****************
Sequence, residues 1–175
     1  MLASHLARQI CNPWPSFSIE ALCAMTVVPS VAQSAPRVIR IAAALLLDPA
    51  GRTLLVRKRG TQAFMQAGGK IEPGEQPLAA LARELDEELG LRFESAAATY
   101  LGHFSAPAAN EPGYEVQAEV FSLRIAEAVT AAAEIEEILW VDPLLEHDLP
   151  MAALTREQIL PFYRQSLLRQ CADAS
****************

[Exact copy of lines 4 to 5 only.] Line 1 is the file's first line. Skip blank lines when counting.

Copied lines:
   101  LGHFSAPAAN EPGYEVQAEV FSLRIAEAVT AAAEIEEILW VDPLLEHDLP
   151  MAALTREQIL PFYRQSLLRQ CADAS